You may have missed it, but on Saturday, the United Nations celebrated a 15-year old girl from Pakistan who was brutally wounded by a religious extremist. Her crime? Advocating for education of girls like herself.

Malala Yousafzai was shot in the head and neck last month by a Taliban gunman. Amazingly, she survived her attack, as well as a journey halfway around the world to Birmingham, England [photo above]. She's being treated there and, while no one can be completely certain, it looks like she'll survive the shooting.

The attack has galvanized people in Pakistan and around the world.Former British Prime Minister Gordon Brown, now a UN advocate for global education, noted:

It seems that Malala's courage has awoken Pakistan's silent majority who are no longer prepared to tolerate the threats and intimidations of the Pakistan Taliban.

Pakistan's government has announced it will give money grants and otherr inducements to get every Pakistani child in school by 2015. While I'm not against money for education, I'd rather have seen the Pakistan government commit itself to ending violence by the Taliban and other extremist groups that operate within its borders.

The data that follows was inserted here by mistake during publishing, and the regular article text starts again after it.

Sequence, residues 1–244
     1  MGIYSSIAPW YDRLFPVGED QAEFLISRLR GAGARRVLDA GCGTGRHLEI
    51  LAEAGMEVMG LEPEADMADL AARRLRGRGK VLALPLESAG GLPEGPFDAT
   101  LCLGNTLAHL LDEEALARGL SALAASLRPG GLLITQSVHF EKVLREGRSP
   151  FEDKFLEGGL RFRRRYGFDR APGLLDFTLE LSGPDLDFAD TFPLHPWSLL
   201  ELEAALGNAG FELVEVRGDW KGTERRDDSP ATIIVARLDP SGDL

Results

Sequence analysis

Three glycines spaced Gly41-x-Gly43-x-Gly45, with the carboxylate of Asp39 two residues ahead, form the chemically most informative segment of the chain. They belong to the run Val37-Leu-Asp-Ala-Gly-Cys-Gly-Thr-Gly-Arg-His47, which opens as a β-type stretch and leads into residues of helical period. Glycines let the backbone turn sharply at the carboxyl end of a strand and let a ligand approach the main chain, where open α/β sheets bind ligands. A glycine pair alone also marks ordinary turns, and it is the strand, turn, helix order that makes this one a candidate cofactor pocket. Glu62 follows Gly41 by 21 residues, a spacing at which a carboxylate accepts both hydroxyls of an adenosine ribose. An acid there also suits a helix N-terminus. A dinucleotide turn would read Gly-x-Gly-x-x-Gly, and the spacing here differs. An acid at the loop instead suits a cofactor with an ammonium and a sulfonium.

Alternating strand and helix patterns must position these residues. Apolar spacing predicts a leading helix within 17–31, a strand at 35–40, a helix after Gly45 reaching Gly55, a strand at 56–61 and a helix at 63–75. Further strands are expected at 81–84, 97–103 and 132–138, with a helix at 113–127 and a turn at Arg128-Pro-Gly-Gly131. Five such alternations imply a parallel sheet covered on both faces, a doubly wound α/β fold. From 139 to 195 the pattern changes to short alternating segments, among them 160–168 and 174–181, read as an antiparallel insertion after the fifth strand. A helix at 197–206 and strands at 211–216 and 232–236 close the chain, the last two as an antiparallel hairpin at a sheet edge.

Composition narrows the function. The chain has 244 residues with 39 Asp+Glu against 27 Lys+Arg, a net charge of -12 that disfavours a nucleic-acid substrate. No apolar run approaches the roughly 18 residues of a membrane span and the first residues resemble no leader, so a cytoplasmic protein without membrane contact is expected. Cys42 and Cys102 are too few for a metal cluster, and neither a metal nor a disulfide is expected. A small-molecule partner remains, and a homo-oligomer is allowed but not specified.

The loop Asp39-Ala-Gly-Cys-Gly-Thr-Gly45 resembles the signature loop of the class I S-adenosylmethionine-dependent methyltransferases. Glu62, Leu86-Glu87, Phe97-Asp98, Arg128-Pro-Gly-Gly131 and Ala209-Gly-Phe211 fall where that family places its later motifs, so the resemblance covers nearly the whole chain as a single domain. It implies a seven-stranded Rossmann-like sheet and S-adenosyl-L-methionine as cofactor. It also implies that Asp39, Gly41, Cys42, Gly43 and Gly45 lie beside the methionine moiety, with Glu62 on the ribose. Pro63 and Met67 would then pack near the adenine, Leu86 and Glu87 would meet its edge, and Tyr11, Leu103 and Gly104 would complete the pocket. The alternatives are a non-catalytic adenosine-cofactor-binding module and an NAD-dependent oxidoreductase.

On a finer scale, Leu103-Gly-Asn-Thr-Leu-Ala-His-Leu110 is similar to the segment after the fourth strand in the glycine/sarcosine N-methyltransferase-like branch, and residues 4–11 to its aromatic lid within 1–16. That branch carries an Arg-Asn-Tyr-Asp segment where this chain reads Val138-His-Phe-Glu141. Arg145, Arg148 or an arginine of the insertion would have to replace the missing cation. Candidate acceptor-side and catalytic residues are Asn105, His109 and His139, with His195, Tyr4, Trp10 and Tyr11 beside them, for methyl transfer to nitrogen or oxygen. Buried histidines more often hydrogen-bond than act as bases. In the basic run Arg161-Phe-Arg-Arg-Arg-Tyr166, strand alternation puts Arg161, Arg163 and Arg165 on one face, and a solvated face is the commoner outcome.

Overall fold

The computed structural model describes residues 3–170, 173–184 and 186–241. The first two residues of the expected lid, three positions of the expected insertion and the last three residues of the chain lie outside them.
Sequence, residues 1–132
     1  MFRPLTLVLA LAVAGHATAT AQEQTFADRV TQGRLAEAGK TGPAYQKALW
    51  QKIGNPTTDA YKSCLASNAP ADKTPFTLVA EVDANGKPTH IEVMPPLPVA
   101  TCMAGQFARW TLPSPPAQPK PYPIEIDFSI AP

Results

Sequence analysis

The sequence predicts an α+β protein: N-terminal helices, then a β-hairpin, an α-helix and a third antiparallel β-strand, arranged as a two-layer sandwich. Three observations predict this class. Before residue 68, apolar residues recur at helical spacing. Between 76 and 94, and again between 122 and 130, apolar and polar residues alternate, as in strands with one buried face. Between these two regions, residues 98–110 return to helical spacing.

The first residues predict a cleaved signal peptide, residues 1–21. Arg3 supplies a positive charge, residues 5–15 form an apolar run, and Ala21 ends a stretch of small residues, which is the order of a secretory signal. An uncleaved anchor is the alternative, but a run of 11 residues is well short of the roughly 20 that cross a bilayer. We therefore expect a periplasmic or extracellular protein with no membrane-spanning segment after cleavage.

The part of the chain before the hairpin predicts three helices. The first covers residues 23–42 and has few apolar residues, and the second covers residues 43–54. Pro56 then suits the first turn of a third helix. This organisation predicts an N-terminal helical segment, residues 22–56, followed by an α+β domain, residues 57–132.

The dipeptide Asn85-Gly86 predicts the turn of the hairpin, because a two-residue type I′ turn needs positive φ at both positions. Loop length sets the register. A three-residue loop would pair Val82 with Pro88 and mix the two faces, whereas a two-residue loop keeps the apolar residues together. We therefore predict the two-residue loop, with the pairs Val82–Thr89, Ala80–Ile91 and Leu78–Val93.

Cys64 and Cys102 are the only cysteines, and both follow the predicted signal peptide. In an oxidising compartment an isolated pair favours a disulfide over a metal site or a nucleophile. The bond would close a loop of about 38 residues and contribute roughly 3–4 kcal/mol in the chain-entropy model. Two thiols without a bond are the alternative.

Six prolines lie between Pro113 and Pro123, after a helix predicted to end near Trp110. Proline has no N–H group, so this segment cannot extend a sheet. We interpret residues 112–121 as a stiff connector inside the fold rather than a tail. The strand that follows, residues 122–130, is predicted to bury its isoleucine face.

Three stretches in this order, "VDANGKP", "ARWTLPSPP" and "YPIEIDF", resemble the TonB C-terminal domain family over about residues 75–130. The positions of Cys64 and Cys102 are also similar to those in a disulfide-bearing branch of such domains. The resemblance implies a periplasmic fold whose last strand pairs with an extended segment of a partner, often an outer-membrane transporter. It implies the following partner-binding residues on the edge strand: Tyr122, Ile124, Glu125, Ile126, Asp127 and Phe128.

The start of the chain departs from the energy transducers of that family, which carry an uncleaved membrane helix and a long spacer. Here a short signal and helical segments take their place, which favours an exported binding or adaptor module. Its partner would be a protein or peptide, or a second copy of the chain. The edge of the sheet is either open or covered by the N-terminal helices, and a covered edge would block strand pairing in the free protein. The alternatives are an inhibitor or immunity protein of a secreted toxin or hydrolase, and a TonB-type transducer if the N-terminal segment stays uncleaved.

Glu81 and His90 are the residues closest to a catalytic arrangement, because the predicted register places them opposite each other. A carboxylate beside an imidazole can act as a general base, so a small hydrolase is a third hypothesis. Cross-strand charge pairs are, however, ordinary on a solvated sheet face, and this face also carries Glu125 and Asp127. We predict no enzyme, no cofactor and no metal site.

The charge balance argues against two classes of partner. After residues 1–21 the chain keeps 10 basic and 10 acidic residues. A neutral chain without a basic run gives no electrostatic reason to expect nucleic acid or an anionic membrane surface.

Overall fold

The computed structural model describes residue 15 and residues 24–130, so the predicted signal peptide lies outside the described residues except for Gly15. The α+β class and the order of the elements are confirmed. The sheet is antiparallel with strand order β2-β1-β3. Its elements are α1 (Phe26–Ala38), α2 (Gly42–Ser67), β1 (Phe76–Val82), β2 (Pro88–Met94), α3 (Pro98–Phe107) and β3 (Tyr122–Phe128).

Those groups likely have legitimate issues to discuss with the government. Fine. But a firm condition of such talks should be the renunciation of violence [the UK did it, forcing the Irish Republican Army to end its bloody campaign in Northern Ireland before it would negotiate with the IRA's political wing, Sinn Fein].

This is kinda heavy for a Monday morning. But oppression based on gender is not, cannot be allowed to continue anywhere in the world.

What do we do about it? Damned if I know. Pray, if that's right for you; meditate, if that's more appropriate. Write your Congressperson, your Senator, the President. But don't let this just go away. It's too important, for your daughters, your nieces, your granddaughters.